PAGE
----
Jeremy Leggett

From Wikipedia, the free encyclopedia
Jump to: navigation, search
Jeremy Leggett
Jeremy Leggett 18Aug2007.JPG
Leggett at public discussion and book signing, August 2007
Born 1954
Education Doctor of Philosophy in Earth sciences from Oxford University
Occupation Social entrepreneur, Author.

Jeremy Leggett is a British green-energy entrepreneur, author and activist who is founder and chairman of Solarcentury, the UK’s largest independent solar electric company, founder and chairman of the charity SolarAid and Chairman of the Carbon Tracker Initiative. He is the author of four books spanning energy, climate change, and oil depletion. Leggett advocates embracing renewable energy and a rapid managed withdrawal from fossil fuels in the media and is a contributor to the Financial Times and the Guardian. He has been described in the Guardian as “Britain’s most respected green energy boss."[1]


A geologist by training, he began his career as a consultant for the oil industry, while teaching at the Royal School of Mines. His research on earth history was funded by oil companies BP and Royal Dutch Shell, among others. In 1989, concern about global warming prompted him to join Greenpeace as a campaigner. In 1998, Leggett founded Solarcentury, the UK’s largest independent solar electric company, where he is currently chairman. He set up the charity SolarAid, which helps African communities access solar power, with 5% of the proceeds of Solarcentury’s annual profit.[2] He also serves as a Chairman of the Carbon Tracker Initiative, a think tank which was set up to improve the transparency of the carbon embedded in equity markets. He is an Associate Fellow at Oxford University's Environmental Change Institute, and he also lectures on short courses in business and society at the universities of Cambridge and St. Gallen.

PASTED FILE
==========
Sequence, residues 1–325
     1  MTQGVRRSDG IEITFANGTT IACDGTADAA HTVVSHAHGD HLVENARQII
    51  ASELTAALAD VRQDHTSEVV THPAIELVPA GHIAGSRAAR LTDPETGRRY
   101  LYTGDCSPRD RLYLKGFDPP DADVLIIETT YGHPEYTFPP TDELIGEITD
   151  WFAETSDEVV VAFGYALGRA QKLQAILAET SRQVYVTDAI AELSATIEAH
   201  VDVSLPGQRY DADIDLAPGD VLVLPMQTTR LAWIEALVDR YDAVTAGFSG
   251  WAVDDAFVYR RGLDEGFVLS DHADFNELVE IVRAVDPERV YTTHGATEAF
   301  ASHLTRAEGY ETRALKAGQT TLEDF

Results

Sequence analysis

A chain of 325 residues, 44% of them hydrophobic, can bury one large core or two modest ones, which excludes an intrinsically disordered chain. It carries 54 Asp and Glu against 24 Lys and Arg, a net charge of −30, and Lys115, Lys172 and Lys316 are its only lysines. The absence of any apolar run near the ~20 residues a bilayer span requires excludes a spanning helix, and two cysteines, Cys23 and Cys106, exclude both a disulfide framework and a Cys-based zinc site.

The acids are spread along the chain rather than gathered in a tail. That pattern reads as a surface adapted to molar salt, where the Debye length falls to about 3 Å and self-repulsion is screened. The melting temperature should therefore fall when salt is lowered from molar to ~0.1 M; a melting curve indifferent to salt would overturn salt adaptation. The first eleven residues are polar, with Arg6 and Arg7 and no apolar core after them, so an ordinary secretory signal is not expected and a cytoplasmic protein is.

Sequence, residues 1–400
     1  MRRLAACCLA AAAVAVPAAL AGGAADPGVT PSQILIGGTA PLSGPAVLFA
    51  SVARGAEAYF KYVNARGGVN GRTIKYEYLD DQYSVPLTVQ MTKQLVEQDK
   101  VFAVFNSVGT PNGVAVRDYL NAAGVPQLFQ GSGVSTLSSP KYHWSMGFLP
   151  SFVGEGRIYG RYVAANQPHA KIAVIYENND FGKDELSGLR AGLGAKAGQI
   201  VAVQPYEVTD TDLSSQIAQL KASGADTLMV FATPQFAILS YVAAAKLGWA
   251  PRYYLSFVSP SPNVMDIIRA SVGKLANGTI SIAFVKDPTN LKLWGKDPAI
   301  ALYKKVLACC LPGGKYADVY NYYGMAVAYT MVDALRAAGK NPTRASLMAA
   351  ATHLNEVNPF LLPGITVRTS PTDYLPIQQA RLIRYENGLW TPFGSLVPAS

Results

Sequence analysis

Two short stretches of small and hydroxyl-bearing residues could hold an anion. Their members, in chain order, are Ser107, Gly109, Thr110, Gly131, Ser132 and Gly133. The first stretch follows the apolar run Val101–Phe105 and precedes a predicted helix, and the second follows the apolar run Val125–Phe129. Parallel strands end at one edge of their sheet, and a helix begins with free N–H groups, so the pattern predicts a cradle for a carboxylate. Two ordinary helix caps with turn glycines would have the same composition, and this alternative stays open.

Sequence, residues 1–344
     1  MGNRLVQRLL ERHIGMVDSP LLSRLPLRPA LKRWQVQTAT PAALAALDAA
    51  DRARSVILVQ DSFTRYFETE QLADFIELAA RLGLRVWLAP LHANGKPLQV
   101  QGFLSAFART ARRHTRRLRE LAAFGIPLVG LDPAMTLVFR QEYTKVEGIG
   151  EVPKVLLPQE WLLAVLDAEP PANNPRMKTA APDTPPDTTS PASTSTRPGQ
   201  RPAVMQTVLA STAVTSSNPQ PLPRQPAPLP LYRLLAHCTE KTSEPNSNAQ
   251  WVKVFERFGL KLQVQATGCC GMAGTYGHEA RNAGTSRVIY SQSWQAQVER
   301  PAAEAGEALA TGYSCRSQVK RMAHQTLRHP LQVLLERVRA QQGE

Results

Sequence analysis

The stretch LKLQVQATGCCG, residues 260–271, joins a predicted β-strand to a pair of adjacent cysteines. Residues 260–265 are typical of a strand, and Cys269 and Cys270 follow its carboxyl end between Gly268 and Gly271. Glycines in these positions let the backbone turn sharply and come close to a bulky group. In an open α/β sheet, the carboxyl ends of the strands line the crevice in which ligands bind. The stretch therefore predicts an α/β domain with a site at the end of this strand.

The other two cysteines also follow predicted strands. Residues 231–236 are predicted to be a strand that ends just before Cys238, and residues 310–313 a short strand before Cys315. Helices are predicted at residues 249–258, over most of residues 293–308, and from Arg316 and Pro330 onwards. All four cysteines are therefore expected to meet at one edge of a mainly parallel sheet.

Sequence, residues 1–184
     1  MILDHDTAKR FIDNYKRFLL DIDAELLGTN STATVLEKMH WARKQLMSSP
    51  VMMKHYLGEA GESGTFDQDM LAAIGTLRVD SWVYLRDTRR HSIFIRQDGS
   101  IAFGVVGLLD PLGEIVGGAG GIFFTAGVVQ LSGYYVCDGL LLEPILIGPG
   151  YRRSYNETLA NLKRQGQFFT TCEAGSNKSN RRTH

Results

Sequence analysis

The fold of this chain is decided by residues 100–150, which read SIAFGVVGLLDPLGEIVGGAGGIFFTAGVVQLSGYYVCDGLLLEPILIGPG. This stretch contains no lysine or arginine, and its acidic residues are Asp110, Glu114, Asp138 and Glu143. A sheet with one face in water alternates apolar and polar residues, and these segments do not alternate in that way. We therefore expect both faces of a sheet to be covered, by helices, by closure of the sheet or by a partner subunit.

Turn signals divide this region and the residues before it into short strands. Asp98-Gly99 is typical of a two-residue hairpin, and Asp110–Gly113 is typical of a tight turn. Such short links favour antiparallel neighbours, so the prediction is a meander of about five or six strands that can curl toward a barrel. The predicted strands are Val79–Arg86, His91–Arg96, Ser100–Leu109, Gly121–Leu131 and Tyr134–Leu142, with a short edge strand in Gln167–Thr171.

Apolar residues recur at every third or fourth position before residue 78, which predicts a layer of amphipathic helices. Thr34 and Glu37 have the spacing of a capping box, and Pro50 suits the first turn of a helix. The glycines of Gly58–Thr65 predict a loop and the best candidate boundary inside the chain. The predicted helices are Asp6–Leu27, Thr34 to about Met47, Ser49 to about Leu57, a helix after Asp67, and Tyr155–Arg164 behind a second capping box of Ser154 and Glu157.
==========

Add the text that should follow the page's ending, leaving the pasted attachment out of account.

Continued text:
His book The Energy of Nations, published in 2013, explores how the global 'systemic risks of oil supply, climate shock and financial collapse threaten tomorrow's economies and mean businesses and policy makers face huge challenges in fuelling tomorrow’s world.' Previous books include The Solar Century (2009), Half Gone: Oil, Gas Hot Air and the Global Energy Crisis (2005) and The Carbon War: Global Warming and the End of the Oil Era (1999).

Climate Change[edit]

Leggett has called for a rapid strategic withdrawal from fossil fuels and advocates that coal should be left in the ground.[3] Leggett has been critical of the lack of reporting by the British mainstream media on the economic imperatives of climate change abatement.[4] Leggett is known for his support of microgeneration technology in the fight to abate global warming. Recently, Leggett has spoken in depth about the great dangers of allowing carbon assets to be viewed at zero risk of impairment if promised action on climate change does take place.[4]

In his 2009 book, The Solar Century, Leggett is critical of nuclear power, saying that it cannot come online quickly enough to make a difference with climate change, and that the nuclear industry still hasn't found a way to deal with its radioactive wastes. He also says that investing in nuclear power would mean less money for other initiatives involving energy conservation, energy efficiency, and renewable energy. Leggett also states that carbon capture and storage has a "substantial timing problem" as it will take fifteen to twenty years to introduce the technology.[5]


Leggett was the first Hillary Laureate for International Leadership in Climate Change. He also won the Individual Award for Excellence at the Solar Industry Awards in Paris in October 2013.[5]

See also[edit]


External links[edit]